My sister dated for a pretty long time. While not as long as I have, enough to rack up a terrifying amount of blind dates.
We all like to think that we evolve, that we are nice people, and that if we have ever failed in that inner belief, we pray, oh, how we pray, that the offended party has, please please please, forgotten about it.
As my sister and I strolled leisurely on a Shabbos afternoon, I told her about a dating nightmare, which was all the more shocking since he had a prestigious position in a hotzy-totzy law firm; it wasn't like he was just shoved out into the world and was not yet schooled in common courtesy.
"Oh, I learned that early on—all of the hot-shot lawyers I went out with were . . ."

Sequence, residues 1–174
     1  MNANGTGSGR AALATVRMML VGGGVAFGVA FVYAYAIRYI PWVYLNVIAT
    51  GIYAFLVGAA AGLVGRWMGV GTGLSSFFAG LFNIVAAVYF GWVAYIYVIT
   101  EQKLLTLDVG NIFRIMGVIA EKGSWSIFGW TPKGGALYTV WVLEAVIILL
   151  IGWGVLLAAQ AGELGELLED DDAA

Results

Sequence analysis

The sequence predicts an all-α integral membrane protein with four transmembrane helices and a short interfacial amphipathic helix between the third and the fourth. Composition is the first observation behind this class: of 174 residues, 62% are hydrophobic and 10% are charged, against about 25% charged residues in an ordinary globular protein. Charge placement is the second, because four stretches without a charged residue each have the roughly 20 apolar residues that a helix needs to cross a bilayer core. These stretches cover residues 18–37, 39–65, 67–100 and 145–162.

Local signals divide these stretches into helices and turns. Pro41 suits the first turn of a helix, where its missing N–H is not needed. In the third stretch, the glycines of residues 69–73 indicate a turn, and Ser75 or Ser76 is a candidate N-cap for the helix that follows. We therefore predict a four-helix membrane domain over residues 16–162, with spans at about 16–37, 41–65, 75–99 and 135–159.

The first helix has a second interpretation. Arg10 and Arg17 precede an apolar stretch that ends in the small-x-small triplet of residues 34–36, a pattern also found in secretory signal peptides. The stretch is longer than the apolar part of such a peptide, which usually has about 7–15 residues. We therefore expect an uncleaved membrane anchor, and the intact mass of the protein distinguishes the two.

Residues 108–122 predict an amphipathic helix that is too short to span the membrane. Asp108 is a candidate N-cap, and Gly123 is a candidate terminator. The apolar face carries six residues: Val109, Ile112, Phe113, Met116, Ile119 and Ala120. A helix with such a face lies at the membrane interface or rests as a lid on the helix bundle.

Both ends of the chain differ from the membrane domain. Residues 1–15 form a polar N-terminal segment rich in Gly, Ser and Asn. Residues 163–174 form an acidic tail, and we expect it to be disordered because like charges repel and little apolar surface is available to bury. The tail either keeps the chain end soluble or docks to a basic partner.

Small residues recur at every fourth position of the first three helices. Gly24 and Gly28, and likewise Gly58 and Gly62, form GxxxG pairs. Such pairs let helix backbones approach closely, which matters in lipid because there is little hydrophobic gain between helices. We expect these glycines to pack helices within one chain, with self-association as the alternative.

Her entertaining sagas come spilling out.
"And that was nothing compared to the eye surgeon . . ."
A first date shows up at the appointed street corner and says, "Didn't you see me coming?" This was before FB, mind you; "I was supposed to say hello to every man wearing a kapul?"
Then there was the prince who abandoned her on 8th Avenue and 42nd Street (twenty years ago!) in the dead of night, despite the fact that she had driven into the city to make his life easier.
Then there was the one who was so absent-minded that she thought she was going to lose him in the next manhole.
I laughed with her as we dissected these tales, disbelieving that these man-children somehow wed.
After every date, I fret over every little thing I said, wondering if I had given a negative false impression of myself.
But after rehashing such episodes, I always think, I couldn't have left such a terrible, unforgettable impression as these guys did.